Thursday, November 1, 2012


     Light and darkness. Yin and Yang. Venus and Mars. Optimist or pessimist--half full or half empty. Protagonist and antagonist. A fantasy writer seeks out the duality at the core of any story line. Really, who wants to read a story about good and good? Despite the spin, it’s a binary world. Things do or don’t happen, and are or are not. As Yoda succinctly explained, “Do or do not, there is no try.” 

     Duality is everywhere, if one knows what to look for. Take numbers for example. Absolutes, right? Not necessarily. January U.S. labor figures came out showing substantial and continuous job growth. According to the commentators on channel 47, it’s good news. However, according to the talking heads on channel 48, it’s horrendous news. In fact, according to some of the talking heads, the numbers aren’t even real (which makes no sense since there are no “i”’s next to the reported numbers). Same numbers. Go figure. On deeper reflection, though, one should hardly be surprised. In the US, an octodecillion is a one followed by fifty-seven zeros. In Britain, the same number is one followed by 108 zeros. Similarly, a vigintillion is one followed by sixty-three zeros in the US, and 120 zeros in Britain. 

     One is the identity number. Number one gets parades and cereal box covers. Number two, well, who remembers who took the silver medal in women’s curling in Nagano in 1998? Gotcha, it was a trick question. Denmark took the silver, but it was their first medal in winter Olympic history, a fortiori, an event memorable because it was a number one. Generally speaking, however, number two fades rapidly into the mists of memory.

     Two is twice one, and serves as the basis for our binary world, yet doesn’t even appear in base two. In base ten, we call “10” “ten”. In base two, we call “10” “two”, but does it look like a two to you? Of course not. It is a classic case of appearance versus reality, a fundamental precept in fantasy writing, which mercifully finally brings us to the point.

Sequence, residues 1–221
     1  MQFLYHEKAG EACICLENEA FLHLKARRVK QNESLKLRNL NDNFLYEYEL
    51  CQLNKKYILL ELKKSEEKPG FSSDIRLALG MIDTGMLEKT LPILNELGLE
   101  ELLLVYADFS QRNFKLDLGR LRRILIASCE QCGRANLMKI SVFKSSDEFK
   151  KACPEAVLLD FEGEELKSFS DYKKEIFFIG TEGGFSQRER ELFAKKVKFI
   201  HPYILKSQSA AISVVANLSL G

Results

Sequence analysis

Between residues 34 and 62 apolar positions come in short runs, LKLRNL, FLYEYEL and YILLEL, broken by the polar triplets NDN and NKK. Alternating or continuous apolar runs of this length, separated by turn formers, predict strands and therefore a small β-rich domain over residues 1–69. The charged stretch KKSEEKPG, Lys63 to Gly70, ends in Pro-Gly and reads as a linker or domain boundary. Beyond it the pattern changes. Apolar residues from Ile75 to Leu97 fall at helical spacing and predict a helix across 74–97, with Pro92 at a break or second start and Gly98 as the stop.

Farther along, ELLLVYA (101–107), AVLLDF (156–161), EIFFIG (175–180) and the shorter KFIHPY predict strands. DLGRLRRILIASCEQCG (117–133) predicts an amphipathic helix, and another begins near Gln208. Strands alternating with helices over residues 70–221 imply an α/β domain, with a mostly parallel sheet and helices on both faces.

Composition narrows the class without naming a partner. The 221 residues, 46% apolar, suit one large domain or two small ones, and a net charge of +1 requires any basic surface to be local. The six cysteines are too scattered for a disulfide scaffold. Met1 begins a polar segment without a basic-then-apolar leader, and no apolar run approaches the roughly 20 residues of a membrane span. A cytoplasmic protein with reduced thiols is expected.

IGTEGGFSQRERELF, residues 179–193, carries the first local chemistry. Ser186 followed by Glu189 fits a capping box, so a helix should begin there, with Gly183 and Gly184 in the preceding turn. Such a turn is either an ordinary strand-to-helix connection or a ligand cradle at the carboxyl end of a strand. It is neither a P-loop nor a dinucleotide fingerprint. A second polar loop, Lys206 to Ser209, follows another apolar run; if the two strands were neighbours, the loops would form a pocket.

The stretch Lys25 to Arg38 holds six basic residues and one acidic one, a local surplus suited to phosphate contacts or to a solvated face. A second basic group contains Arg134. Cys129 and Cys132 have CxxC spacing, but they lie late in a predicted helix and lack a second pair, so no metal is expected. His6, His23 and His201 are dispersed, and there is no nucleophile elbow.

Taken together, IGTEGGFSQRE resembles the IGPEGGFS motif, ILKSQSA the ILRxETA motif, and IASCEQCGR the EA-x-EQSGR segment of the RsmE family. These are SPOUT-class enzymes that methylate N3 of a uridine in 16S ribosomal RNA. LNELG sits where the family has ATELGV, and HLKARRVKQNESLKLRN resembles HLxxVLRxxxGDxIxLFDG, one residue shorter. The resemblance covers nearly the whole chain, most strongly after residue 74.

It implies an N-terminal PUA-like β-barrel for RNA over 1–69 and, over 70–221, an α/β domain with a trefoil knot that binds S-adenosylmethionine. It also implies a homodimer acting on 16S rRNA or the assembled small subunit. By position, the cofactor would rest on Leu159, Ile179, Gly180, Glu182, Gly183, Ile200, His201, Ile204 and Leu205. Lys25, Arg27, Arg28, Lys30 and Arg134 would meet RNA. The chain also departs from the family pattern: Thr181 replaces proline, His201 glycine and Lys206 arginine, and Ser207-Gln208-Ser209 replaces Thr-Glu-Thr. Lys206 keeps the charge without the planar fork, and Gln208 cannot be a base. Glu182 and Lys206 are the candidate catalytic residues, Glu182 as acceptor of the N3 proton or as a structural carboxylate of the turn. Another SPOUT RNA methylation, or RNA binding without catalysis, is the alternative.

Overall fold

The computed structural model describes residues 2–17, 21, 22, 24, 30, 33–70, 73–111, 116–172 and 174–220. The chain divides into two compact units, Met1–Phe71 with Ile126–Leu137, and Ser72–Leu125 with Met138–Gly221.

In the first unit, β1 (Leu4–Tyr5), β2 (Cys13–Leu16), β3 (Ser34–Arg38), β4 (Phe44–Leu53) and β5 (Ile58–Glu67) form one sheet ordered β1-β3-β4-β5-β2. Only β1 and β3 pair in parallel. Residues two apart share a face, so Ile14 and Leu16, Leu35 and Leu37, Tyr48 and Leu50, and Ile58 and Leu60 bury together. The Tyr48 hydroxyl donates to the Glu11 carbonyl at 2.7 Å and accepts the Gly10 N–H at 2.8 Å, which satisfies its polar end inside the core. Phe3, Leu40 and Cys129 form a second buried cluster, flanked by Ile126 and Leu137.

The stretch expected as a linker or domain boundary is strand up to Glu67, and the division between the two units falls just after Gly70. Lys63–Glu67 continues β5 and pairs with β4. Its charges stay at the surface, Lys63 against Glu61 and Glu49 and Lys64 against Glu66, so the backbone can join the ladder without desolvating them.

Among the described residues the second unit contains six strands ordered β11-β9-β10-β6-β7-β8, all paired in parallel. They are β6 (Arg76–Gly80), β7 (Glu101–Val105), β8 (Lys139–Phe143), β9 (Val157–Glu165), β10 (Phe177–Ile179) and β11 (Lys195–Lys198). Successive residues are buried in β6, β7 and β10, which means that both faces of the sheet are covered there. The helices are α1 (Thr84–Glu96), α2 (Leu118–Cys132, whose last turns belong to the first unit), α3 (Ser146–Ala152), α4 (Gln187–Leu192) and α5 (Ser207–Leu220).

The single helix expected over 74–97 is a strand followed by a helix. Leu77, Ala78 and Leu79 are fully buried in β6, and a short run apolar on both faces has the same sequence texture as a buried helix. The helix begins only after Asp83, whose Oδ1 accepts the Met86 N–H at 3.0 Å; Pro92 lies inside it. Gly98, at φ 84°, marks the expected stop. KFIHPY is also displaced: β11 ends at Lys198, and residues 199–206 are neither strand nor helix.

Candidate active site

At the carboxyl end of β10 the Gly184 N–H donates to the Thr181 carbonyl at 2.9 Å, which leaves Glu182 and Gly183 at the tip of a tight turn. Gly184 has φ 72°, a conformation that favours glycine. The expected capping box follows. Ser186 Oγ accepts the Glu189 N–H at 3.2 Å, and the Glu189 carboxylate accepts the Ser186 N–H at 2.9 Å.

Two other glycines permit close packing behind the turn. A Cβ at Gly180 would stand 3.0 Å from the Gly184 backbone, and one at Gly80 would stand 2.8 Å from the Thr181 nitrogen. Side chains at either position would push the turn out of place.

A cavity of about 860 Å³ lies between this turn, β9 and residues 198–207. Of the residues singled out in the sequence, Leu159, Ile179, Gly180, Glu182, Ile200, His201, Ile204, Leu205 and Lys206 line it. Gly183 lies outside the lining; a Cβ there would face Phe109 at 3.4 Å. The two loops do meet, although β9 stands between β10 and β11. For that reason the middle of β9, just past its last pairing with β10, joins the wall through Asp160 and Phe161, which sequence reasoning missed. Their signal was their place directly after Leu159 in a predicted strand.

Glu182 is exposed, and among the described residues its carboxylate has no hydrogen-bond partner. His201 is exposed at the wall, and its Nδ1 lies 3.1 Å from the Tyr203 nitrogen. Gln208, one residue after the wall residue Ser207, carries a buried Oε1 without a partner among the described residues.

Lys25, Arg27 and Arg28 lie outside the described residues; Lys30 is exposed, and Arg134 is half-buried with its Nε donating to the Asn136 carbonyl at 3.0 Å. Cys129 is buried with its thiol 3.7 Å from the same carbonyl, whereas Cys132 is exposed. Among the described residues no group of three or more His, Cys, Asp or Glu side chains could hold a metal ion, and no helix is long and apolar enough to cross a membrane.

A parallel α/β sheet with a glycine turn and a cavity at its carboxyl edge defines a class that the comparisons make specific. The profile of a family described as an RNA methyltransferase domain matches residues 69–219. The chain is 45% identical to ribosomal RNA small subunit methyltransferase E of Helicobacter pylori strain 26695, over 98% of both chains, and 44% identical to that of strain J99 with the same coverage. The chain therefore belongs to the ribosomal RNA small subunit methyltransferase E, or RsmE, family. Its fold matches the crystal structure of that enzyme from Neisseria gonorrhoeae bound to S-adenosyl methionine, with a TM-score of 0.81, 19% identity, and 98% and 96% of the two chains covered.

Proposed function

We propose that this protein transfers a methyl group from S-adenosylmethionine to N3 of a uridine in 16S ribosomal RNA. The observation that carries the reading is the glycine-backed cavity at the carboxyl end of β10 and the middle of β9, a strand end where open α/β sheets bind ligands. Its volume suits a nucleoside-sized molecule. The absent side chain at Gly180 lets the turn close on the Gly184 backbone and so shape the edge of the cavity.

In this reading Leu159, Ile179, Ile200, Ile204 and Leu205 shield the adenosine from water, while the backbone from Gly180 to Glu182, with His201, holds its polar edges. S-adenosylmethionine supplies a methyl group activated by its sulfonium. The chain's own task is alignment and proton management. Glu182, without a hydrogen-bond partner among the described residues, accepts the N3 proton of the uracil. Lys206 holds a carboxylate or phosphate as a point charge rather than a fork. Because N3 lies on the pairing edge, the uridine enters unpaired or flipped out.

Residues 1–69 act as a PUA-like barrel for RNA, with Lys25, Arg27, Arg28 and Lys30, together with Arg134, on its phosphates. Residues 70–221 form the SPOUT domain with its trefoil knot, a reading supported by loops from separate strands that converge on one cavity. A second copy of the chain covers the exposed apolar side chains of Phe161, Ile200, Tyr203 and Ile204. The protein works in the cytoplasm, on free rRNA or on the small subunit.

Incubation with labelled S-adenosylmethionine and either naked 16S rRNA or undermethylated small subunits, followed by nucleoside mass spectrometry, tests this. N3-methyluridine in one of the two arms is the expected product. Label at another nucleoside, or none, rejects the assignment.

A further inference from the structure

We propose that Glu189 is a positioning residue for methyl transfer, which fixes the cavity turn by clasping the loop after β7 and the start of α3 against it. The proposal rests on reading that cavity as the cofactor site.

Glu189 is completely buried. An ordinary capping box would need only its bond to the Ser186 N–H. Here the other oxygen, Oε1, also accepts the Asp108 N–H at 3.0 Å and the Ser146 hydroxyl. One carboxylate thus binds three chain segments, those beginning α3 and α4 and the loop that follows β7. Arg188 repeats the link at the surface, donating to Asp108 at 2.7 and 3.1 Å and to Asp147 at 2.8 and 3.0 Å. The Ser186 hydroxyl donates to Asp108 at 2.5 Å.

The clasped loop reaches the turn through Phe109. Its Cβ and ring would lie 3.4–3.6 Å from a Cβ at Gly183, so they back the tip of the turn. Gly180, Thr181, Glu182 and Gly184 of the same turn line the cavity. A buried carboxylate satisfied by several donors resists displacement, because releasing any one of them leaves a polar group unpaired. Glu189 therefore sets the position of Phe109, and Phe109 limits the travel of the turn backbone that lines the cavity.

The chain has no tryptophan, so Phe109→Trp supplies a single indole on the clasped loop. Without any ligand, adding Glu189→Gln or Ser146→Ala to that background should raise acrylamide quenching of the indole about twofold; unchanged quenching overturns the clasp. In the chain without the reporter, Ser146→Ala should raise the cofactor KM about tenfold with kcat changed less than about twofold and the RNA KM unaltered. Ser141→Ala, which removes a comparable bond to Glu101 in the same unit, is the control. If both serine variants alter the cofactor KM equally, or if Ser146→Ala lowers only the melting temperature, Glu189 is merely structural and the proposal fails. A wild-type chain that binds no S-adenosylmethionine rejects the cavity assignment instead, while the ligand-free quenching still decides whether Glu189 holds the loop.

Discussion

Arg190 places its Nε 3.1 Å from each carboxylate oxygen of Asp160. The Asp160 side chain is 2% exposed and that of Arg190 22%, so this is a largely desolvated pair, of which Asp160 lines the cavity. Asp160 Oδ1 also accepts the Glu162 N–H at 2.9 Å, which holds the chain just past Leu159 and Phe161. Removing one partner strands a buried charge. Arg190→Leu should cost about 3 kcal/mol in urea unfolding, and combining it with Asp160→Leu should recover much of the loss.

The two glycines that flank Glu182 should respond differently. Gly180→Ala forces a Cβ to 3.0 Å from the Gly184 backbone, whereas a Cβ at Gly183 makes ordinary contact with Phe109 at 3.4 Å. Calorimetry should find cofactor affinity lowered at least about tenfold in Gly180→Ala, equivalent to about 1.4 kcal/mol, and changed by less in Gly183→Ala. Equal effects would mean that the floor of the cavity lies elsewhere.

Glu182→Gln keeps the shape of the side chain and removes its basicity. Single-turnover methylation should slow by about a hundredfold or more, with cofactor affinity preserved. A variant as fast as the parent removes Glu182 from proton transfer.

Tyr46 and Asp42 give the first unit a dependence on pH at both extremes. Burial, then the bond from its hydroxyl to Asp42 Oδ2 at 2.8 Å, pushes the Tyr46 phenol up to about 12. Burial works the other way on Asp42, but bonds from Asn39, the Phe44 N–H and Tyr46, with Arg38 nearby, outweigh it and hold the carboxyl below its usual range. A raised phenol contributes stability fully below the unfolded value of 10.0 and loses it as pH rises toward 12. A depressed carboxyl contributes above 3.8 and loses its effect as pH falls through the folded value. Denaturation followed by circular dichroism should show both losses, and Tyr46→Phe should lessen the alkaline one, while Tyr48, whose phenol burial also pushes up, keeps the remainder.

Writing is the product of a continuous subconscious stream of binary choices. At each step, the Muse is checking off countless boxes with yeses and noes. Each yes or no has consequences for the story which affect the story’s appearance, and thus, the reader’s willingness to suspend disbelief and accept your character’s actions. 

     Let’s build a fantasy character. Right off the bat, the binary computer goes to work. Since we’re dealing with fantasy, question one is whether or not the character is animate? Check “yes” or “no”. If “yes”, continue to question two. Is the character human? Jumping ahead, we’ve checked “animate-yes”, “human-yes”, “female-yes” and after several dozen more questions, we have “Mackenzie”, age 18, blonde, hair to mid back, C cup bra, honors student, lives with parents,sings in her church choir-soprano.

            As Mackenzie stepped forward for her solo, he spied the dark stranger sliding into the      last pew. Smiling, she....

      She what? Well, that depends on a number of binary choices. What is Mackenzie’s basic character, sacred or profane?  If your Muse checked “yes” for “sacred”, it is unlikely that upon viewing the dark stranger, Mackenzie felt her nipples harden and developed a tingling between her legs. More likely, “Smiling, she felt (‘joy’, ‘love’, ‘compassion’, ‘hope’, ‘vindication’)...” Conversely, why is the dark stranger there? Does he have designs on Mackenzie? Yes. Does he mean her harm? No. Does he want her sexually? No (at least not yet). Ultimately, the reader will learn that the dark stranger is there to save Mackenzie from the visiting imposter Episcopalian clergyman who, in fact, is really Formorii (Irish nasties--defeated at the Second Battle of Magh Tuireadh, but I digress).

       The writer’s job is to get the story down in black and white. Like my holiday gift tee shirt says, “Even if it’s crap, just get it on the page.” Once it’s down, then the writer can go back and check the Muse’s decision making process, and flip the occasional yes to no or no to yes until the story has the appropriate appearance. Once that is done, the binary choice flips over to the reader who will like it or not. The rest is just commentary.

CK Copyright 2/7/12; Moral rights to be identified as the author of the foregoing article asserted worldwide (including in Great Britain in accordance with Sections 77 and 78 of the Copyright, Designs and Patent Act of 1988) (See prior blog on Moral Rights).    


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